Just a question....

Ive been reading the archives nonstop the past couple days for hotwiring setups. I found one that i liked and want to try. Here is the post…

One of these days, when I have time, I’ll post pix of my crude setup. Anyway, here is how I made a simple but effective setup. Take a piece of 3/4 inch plywood and cut a big U with about 26 inch clearance across and 12 inches deep. Screw two eyebolts into each side of the wide opening in the loom. Attach 30 gauge NiCr wire to each eyebolt. Then, take an old extension cord, lop off the female end, strip the insultaion a few feet, strip the ends about one inch, and attach the black wire to one eyebolt and the white wire to the other. In the middle of the extension cord, wire a light bulb socket with a 200 watt light bulb. Make your cross section templates out of thin plywood or door skins, plug in, and you should be cutting slowly but smoothly. If you use another gauge wire then adjust your resistance accordingly (increase or decrease the wattage of light bulbs. You can always wire more bulbs in series to add resistance netting a hotter wire. To do the stringer cut, I use a saw with a fine tooth pull saw and then run each side through a woodworking jointer to make a perfectly smooth and perpendicular cut. However, you could just saw and make a pass on each side with your planer. Cheers, Gary Geist”

The only part that i dont under stand is how to wire a light bulb socket to thee extension cord. Ive anyone has any input on how to do this, or maybe a picture of it i would greatly appreciate it.

Thanks again

You guys are always a big help.

I’d strongly encourage you to regulate your voltage somehow. 110 V / 15-20A (house current) can kill you.

I use a car battery charger, so my hot wire is running 12V/6A.

Others use model train transformers, low voltage light dimmers, or hotwire-specific resistors.

Otherwise, the plywood bow & screws & everything are good. Well, its also nice to have a spring-loaded arm so when your hotwire stretches (they all do when hot) the bow takes up the slack.

But please don’t expose a bare 26" wire with 110 volts! One sneeze and your wife finds you on the floor 4 hours later.

I agree with Benny. If you don’t know how to wire a light bulb socket to an extension cord, you really shouldn’t be messing around with house current… you’ll be much safer with a transformer. Find an old model train set or battery charger and go from there… Safety first!

My remarkably crude setup:

a) the attachment, where the nichrome wire attaches to the electricity. Small carriage bolts plus brass wingnuts and rubber washers. Someplace in here a small spring plus an insulator would be good, as the nichrome tends to lengthen some when hot. This makes for some funny shaped curves in the cuts. Don’t use too strong a spring, you can pull the wire too thin and it overheats and breaks. Somebody who was really feeling clever could maybe adapt the string tensioner off a guitar…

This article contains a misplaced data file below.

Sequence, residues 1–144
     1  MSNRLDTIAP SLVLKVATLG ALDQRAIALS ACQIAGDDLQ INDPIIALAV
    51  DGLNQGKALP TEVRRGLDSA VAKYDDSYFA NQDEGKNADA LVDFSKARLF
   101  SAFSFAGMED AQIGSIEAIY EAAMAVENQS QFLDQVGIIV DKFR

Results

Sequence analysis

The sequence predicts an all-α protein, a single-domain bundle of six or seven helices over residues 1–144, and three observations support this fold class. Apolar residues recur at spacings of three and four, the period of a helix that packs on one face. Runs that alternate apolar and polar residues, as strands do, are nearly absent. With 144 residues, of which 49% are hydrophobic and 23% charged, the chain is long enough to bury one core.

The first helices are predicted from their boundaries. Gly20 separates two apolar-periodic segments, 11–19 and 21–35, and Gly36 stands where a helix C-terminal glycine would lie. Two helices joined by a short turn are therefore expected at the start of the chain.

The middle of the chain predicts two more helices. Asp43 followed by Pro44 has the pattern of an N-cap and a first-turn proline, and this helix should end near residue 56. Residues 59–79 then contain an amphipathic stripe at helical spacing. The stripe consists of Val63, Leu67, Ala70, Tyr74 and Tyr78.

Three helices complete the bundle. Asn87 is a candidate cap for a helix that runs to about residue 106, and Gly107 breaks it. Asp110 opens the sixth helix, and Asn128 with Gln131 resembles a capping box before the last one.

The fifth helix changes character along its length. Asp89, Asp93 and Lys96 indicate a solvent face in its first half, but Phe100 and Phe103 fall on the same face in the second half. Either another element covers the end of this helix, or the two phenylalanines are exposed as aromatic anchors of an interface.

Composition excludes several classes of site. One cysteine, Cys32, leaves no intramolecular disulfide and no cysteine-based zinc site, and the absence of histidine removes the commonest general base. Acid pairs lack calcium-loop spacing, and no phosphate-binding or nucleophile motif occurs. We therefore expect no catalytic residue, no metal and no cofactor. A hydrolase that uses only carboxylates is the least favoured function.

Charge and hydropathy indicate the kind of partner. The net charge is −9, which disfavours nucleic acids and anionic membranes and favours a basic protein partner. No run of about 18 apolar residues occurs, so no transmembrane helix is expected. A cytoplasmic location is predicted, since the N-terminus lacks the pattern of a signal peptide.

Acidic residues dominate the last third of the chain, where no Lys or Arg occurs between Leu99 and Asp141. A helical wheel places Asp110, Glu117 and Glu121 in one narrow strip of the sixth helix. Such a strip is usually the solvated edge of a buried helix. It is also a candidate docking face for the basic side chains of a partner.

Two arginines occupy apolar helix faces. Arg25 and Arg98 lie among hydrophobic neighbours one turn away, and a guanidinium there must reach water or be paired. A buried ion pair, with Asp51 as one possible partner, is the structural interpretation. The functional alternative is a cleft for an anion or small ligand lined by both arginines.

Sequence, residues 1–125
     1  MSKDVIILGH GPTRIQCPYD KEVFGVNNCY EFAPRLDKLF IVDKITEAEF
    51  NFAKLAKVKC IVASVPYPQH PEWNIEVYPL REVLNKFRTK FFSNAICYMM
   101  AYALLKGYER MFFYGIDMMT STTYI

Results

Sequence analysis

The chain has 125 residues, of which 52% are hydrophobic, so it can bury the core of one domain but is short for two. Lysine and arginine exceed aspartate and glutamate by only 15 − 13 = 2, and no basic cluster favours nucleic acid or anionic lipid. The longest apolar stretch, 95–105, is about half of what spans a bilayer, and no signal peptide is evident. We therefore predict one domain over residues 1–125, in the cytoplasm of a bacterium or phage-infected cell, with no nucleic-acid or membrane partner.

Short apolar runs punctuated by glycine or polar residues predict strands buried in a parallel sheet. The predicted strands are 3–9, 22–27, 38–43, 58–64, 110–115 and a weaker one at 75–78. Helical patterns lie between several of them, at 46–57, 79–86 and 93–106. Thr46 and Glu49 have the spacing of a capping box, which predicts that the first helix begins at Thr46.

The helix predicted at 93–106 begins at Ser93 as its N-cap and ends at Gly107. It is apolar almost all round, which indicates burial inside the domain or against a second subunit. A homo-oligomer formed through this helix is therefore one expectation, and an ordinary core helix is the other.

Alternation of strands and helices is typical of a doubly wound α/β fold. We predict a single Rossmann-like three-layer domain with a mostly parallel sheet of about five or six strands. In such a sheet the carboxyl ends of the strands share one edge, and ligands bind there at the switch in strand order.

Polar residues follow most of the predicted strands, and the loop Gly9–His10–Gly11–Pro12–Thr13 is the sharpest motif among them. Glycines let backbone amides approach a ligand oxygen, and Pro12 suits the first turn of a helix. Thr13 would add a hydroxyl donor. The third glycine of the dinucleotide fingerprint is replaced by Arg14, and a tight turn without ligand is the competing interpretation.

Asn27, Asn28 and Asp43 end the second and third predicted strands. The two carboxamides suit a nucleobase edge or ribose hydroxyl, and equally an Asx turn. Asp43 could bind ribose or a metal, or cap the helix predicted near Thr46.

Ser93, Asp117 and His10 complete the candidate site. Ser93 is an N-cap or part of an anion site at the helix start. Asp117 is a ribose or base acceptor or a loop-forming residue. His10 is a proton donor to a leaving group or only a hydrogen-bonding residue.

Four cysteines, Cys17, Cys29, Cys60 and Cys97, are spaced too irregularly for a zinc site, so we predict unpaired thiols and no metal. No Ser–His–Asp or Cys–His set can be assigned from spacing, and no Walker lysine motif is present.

b) The little torpedo level, handy for freehand work.

c) Transformer- a 6.3 V x 6 A ( roughly 20 watts) model intended for doorbells, a hardware store score. A little light on zip, but it was the best available.

d) tough to see, Nichrome wire, the gauge of which I have forgotten.

e) hand-hole for freehand work. This little gizmo can also be clamped or set in a bench vise - a table can be dreamed up to go with that so it can be used not totally unlike how you’d use a band saw.

Body is of relatively light plywood, no thicker than 1/2", this one is kinda small, limited by the size of the transformer and how much wire it can heat up. The absolute nutz would be a variac or electronics power source of up to 50-100 watts capacity, so the wire length could be varied for what ya need at the time, be it ripping big billets of foam or just fine work with a small length of wire.

Note that the conducting wires, transformer-nichrome, are fairly heavy gauge. best to use your watts to heat up the nichrome wire, not the conducting wire, and at low voltage like this it can most definitely happen.

There should be, and isn’t, an inline fuse, for those occasions when we discover that I am a far better conductor than , say, plywood or foam. Fuse holders and Buss automotive type low voltage fuses are available all sorts of places.

hope that’s of use


Im too in the middle of building a hotwire cutter but ran into a problem…Does anyone know where to pick up NiCr wire? Ive searched everywhere and can’t find any. My setup is pretty much the same just waiting on the wire. Ill post some pics when its done. Thanks

If you would like a good transformer,40 VA/110v/24v,which makes for quik work,rather than 6VA let me know,still super hot and safe.

Try http://www.wiretron.com/ a handy set of tables at http://www.wiretron.com/nicrdat.html for use in matching your wire to your transformer. 1-888-WIRETRO (947-3876) in US, Canada, Virgin Islands - I was given the wire I am using, but I am given to understand that’s where my buddy got it.